Speaking of matching their values, another piece that goes directly to retention is when a company states their core values and lives by them, and employees align with them. Companies such as Patagonia preach their vision by stating “We’re in business to save our home planet. We aim to use the resources we have—our voice, our business and our community—to do something about our climate crisis. “ Patagonia is well known for quality products that are produced ethically, and as a result, employees and customers alike feel aligned and loyal. Another example is Tesla: To accelerate the world’s transition to sustainable energy. And TED: Spreading Ideas. Bottom line is, if you have Vision, Mission, and Values (VMV) statement that means a lot to your company, do your employees know about it? If not, it is probably time to revisit and rework your VMV so your entire team is on the same page. It is amazing how powerful a VMV can be for a company when it is written properly and lived by!
5. Embrace technology wherever you can.
The fifth strategy for an owner to help with retention is to look for creative ways to use and embrace technology. This is not to replace a person, but to give capacity back to the important people working in your organization. It’s amazing what technology can do for a company these days. It’s also amazing how resistant some owners are to embrace technology, for whatever reason. Some believe technology is too expensive, while others simply do not understand how technology can help. And still others want to embrace it but don’t understand if nor how it can help. Yet technology can allow the mundane, administrative tasks to be digitized so your team can do the more creative and thoughtful tasks. It can be that simple, or complex, but technology cannot be overlooked. I’ve seen companies go from touching a piece of paper seven times to going paperless seemingly overnight. Did it cost money – yes, it was a huge investment of time and money. Has it saved them money? Yes, a staggering amount in time, wages, and savings in a shorter amount of time than they originally estimated. I have seen many companies go from having someone have to call clients and/or patients every day to remind them of upcoming appointments, and now have an automated text go out. All of this technology freed up capacity for the team to do higher level work. So embrace any technology that helps save your team time, and also helps your company streamline.
6. Positive company culture is critical and ensuring employees are happy, engaged, and love working there is key.
Finally, and probably the most important, is how critical it is to engage your employees and instil a positive company culture. Happy workers, great company culture, and happiness in the work place, is essential to employee retention. If employees are not engaged or not happy at work, chances are they already have “one foot out the door”. The hardest shift for most companies is an adjustment in company culture, which often involves a shift in their leadership style. It used to be that if you needed more capacity, you could hire someone. Now, most companies need more capacity, but because they can’t find the right person to hire, they are burning out the employees they have, sometimes without realizing it. They also are so worried about making sales and deadlines, they don’t take the time to appreciate their team along the way. And finally, they tend to lack empathy and understanding when things are busy. Yet these are the things that help their existing and normally loyal employees begin to search for opportunities elsewhere. Well-meaning owners are stressed and not taking the time their team needs to just breathe. In short, it costs nothing to say thank you, but it goes a long way. Appreciating the time and effort your team is giving is huge. Will that alone retain them? No. Showing empathy, compassion, appreciation and even vulnerability goes further. And allowing the team time to slow down and catch their breath, giving them a chance to regroup and re-energize is even better. Listening to them is key. Allowing them time for self-care is huge. Compassion. Kindness. Creating a new way of working together and unlearning what you’ve always done is hard, but a critical new way forward to help create the loyalty needed to appreciate and ultimately retain their key employees. The old way of “Show up and work, I pay your wage” is gone. The way forward is learning to lead with compassion first.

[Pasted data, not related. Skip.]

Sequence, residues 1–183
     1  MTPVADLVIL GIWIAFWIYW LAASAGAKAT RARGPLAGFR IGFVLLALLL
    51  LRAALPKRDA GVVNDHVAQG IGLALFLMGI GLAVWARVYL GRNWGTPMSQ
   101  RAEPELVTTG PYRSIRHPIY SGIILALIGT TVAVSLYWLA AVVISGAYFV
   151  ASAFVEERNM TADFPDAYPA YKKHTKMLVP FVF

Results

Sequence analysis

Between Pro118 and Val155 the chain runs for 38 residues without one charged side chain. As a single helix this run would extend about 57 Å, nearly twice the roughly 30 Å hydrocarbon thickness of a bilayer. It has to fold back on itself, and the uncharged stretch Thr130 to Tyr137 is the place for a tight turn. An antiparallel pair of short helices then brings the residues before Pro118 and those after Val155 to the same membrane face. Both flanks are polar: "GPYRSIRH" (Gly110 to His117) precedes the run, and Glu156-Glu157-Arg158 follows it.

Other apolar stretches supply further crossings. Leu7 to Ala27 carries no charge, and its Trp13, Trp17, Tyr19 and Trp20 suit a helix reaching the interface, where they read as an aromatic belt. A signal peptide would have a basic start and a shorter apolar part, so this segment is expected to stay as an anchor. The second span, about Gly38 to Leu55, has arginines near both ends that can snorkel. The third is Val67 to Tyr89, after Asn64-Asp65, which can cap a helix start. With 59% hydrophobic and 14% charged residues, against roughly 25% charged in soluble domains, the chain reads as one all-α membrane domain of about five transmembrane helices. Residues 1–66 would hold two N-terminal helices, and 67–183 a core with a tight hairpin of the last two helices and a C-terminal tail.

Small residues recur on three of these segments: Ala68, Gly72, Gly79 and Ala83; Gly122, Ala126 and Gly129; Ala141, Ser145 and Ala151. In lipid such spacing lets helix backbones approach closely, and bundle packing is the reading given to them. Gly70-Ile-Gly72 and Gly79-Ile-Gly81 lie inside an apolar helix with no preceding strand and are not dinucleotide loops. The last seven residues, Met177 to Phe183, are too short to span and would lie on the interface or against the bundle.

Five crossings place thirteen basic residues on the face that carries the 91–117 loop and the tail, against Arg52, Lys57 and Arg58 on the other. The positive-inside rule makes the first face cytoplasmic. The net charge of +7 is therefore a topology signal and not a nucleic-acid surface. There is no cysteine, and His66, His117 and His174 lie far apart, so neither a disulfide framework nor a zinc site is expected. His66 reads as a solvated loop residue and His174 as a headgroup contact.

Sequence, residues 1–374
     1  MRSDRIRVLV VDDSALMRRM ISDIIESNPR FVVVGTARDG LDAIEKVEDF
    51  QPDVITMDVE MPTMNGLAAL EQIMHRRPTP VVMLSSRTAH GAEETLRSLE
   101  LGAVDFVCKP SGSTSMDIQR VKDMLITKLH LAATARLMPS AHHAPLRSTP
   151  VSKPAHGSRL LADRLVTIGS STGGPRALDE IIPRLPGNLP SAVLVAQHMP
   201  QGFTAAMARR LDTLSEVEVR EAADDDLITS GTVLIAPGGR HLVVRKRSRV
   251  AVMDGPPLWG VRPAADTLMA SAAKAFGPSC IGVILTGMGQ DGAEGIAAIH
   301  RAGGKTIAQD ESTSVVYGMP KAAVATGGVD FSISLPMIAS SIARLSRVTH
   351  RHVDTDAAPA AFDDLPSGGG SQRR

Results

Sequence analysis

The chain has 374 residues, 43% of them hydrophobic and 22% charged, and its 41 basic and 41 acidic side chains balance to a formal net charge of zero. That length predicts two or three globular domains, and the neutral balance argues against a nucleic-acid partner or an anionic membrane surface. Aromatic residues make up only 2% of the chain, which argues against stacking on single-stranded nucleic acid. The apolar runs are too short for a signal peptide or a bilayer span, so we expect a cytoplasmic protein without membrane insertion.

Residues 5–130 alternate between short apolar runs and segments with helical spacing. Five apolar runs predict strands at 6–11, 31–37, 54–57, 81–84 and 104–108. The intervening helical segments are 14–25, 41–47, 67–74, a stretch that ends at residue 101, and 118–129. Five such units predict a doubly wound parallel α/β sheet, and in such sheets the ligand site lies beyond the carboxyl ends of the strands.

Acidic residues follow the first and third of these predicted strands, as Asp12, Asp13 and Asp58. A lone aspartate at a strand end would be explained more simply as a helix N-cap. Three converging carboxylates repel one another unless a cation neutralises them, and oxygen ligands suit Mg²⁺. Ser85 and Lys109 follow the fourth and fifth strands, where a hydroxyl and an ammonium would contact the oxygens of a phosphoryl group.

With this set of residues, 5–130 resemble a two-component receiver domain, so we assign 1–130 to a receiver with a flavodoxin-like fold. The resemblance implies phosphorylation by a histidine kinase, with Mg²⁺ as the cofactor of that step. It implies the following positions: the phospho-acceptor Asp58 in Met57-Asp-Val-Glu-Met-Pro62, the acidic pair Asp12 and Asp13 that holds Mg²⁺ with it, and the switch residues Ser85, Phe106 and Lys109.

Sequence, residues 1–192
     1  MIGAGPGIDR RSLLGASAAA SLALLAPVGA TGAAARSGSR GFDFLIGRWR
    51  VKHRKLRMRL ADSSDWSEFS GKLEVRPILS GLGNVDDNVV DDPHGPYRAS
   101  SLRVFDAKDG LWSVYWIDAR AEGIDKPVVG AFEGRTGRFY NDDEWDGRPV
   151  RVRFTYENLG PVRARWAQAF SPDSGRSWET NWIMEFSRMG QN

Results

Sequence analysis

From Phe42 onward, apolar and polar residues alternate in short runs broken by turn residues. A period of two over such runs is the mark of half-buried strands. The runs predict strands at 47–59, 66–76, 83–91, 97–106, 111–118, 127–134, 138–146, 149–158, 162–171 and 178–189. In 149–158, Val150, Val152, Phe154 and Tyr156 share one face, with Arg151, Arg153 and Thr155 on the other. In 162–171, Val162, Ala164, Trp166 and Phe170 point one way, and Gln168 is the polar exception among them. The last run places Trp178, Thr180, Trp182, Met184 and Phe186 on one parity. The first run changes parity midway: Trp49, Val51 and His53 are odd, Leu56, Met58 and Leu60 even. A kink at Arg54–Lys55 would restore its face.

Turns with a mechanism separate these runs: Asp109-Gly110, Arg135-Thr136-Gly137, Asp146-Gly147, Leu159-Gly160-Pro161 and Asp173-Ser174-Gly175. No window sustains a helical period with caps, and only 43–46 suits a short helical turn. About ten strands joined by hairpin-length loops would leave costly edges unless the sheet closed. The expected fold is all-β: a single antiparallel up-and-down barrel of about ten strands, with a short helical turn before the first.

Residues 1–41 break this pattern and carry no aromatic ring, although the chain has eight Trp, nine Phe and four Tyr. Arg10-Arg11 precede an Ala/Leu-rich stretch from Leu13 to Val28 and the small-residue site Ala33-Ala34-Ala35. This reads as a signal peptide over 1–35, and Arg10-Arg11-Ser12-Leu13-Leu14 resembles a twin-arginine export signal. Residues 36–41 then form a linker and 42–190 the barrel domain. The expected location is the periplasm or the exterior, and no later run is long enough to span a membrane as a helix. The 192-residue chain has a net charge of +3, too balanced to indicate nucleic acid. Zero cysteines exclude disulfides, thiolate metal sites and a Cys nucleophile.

The best way to sum up what leaders need to do going forward in order to help retain their existing workers is being mindful of improving company culture. Giving their team autonomy, a sense of belonging, appreciation, and purpose and meaning go a long way towards improving employee engagement and company culture. This helps employees feel loyal, and thus helps to retain them. Congratulations for making these adjustments. They are critical to keeping your team!